If you want to be successful in a writing career start getting business-minded. Quick.

Urban Literature publishers will require you to sign a license for ALL RIGHTS to your book. This is oaky for first-time writers, since you will not likely be printing a back-list anytime soon. Since incarceration limits your ability to promote, the typical issues of free copies and author discount purchases aren't really a concern.

Don't TRANSFER the RIGHTS to the publisher. This gives them complete ownership. Remember: licenses only.

In return you don't pay anything. You are partners with the publisher. You receive royalties on sales (10% to 15%) and enjoy the time to write another book. However, there are viable alternatives with just a little investment.

Independent Publishing

Many authors have had success switching from Urban Literature publishers to self -publishing. They gain exposure through the publishers’ ads and fliers and books and then self-publish their next book, taking their readers with them. Kevin Bullock and Cordell Sims are among the most successful.

Other writers simply want to own 100% of their books, earn 100% of the profit (after the cost of sale, including production, delivery, online book retailers commission – usually 30%) and take on all the risk. They are entrepreneurs. Andre Dupree, Mike Enemigo, and Rhonda Turpin are all successful self-publishers.

From a cell.

Contact prisoner-friendly vendors and request information: Midnight Express Books, PO BOX 69, Berryville, AR, 72616, MEBooks1@yahoo.com; and Freebird Publishers Attn: Book Project Dept., North Dighton, MA, 027764, Diane@freebirdpublishers.com.

There are many, many more.

Expect to pay a thousand dollars and up to get the full package: Book design consultation, ISBN & Barcode, Cover design, editing, Print On Demand & e-book formatting.

Other services are available, but you will need an outside point of contact with Power Of Attorney (POA).

Marketing and Promotion

Publicity and visibility sell books. You will need to make a plan for both whether you are traditionally published or independently published.

Ads, endorsements, reviews, news-releases, direct mail and social media are subjects you need to study as a freelance writer. Start by reviewing ads and articles about competitive books. How & where did you read them? What angle did they use? Why would readers respond to it? Who are the editors, companies and advertising directors that helped them?

Your responsibility is to conduct a cost-benefit analysis. Weigh the cost of promotion options against realistic prospective buyers’ conversion. Are there enough sales to make a profit?

One option is to start reliably updating a blog or social media profile with articles, stories, pictures, poetry, WHATEVER. It has attracted readers for Zachary A. Smith, Razor D. Babb, and a dozens of authors. It takes time, but is an affordable starting position.

Companies like Freebird Publishers offer publicity assistance. They reach about 20,000 prisoners through their publications Inmate Shopper and Corcoran Sun, websites, social media, and quarterly mailings. Authors can choose from the Bronze: $75, Silver: $150 and Gold: $250 packages for one year of co-op promotion.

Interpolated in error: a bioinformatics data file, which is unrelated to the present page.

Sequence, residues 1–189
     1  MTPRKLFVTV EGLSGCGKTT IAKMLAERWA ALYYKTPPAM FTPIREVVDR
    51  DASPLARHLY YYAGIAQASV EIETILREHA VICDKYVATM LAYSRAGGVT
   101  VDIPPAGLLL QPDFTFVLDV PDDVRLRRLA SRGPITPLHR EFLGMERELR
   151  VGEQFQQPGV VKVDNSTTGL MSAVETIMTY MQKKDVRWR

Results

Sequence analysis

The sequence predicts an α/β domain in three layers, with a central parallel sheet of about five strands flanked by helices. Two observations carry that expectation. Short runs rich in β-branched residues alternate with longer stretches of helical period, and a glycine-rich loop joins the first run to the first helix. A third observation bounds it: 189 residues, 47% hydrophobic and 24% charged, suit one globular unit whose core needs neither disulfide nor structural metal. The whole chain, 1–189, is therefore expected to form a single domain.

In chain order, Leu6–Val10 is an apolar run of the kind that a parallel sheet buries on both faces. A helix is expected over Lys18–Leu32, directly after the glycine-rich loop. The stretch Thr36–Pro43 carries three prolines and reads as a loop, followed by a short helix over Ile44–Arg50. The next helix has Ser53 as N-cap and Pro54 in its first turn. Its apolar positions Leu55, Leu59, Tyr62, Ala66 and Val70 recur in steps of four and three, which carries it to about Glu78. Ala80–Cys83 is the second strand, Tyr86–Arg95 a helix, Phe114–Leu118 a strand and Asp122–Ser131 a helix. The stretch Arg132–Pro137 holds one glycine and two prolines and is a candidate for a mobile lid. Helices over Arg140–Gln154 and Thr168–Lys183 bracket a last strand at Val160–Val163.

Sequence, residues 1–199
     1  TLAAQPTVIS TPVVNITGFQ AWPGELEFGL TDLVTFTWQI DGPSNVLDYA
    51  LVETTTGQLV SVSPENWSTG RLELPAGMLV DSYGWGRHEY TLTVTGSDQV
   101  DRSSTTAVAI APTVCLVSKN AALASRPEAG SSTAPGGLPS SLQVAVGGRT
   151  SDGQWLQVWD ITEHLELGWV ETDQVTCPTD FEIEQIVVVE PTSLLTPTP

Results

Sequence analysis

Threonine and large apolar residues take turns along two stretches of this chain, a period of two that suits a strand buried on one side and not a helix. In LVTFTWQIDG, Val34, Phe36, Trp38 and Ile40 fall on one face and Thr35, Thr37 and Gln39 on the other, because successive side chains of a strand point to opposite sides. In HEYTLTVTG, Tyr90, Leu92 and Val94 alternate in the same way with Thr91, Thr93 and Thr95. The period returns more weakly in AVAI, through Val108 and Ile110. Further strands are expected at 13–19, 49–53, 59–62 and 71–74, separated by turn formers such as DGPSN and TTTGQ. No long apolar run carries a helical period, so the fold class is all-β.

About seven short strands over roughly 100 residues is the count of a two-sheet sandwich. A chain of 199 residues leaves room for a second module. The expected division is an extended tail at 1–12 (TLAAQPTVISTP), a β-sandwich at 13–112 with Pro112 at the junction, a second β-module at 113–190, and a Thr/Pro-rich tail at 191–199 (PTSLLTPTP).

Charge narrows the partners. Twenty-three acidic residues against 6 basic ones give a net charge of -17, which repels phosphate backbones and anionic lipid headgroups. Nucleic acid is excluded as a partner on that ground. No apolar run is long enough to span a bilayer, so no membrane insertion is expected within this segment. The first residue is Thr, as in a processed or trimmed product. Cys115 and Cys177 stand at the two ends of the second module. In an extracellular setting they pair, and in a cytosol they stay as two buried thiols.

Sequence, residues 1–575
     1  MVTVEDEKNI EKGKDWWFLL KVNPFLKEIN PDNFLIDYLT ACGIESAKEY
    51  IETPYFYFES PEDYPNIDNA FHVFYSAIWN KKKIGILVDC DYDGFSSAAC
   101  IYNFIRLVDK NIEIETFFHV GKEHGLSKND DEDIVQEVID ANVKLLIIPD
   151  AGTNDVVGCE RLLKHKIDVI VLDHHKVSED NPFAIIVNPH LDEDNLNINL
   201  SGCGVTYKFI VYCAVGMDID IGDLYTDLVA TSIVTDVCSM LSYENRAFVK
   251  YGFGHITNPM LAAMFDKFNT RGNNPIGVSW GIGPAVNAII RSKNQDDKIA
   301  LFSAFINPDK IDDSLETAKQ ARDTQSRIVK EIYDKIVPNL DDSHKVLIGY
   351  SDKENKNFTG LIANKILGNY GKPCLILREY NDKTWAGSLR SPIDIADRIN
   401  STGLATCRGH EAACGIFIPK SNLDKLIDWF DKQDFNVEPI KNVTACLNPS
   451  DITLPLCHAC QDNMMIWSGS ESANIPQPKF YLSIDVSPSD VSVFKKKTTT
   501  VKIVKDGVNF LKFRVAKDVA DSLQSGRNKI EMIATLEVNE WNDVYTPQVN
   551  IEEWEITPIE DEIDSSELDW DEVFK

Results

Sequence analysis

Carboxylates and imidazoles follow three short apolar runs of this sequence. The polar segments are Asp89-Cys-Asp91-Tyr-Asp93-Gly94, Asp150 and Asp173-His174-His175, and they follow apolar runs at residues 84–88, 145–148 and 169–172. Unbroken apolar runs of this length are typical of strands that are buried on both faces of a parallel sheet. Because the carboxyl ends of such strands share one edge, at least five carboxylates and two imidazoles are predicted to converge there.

End Game

Adrian Cook shares more in common with other business-minded prisoners than just trying to create value with his time. At thirty-five and a father of five, he has taken a new direction. "It's made a difference," he says.

Hopefully this information stretches that shoe string. As for everyone else, I'll be waiting at mail-call.

Sincerely,

Tinny

_____

Send letters to: Mr O (Att: Tinny) 649 N. Rupple Rd., Fayetteville, AR  72704.

_____

Author:  Anthony Tinsman is a PEN award-winning author and the designer of Take a Load Off, an evidence based prisoner re-entry program taught in federal prison. He is an advisory Board Member to the ICBRP (International Board of Recovery Professionals).

He is serving a mandatory minimum 35-year sentence for Armed Bank Robbery. He is a first time offender.

Tinsman's published work includes Hungry Robot, a children's bed-time story. His next book – Book Of Prosper – is a collaboration with Michael Collins and will be available later this year.

Contact Tinny at:  04276-063, FCC PO BOX 3000, Forrest City, AR, 72336.


Missouri Prisoner Exonerated in 1983 Prison Murder; Brady Violations Cited

Image courtesy bigstory.ap.org

Image courtesy bigstory.ap.org

By Christopher Zoukis

Reginald “Reggie” Griffin, 53, was sentenced to death for the July 12, 1983 stabbing of James Bausley in a yard at the Moberly Correctional Center (then known as the Missouri Training Center for Men). In August 2011, the Missouri Supreme Court vacated Griffin’s conviction after finding the state had withheld evidence related to another prisoner who was likely involved in the murder.

That prisoner, Jeffrey Smith, was found with a sharpened screwdriver while attempting to leave the yard shortly after Bausley was killed; Smith was convicted of unlawful use of a weapon. The state Supreme Court found the prosecution had violated its Brady obligations by failing to disclose that information to Griffin, which would have bolstered his “alternate perpetrator” defense at trial. See: State ex rel. Griffin v. Denney, 347 S.W.3d 73 (Mo. 2011), cert. denied.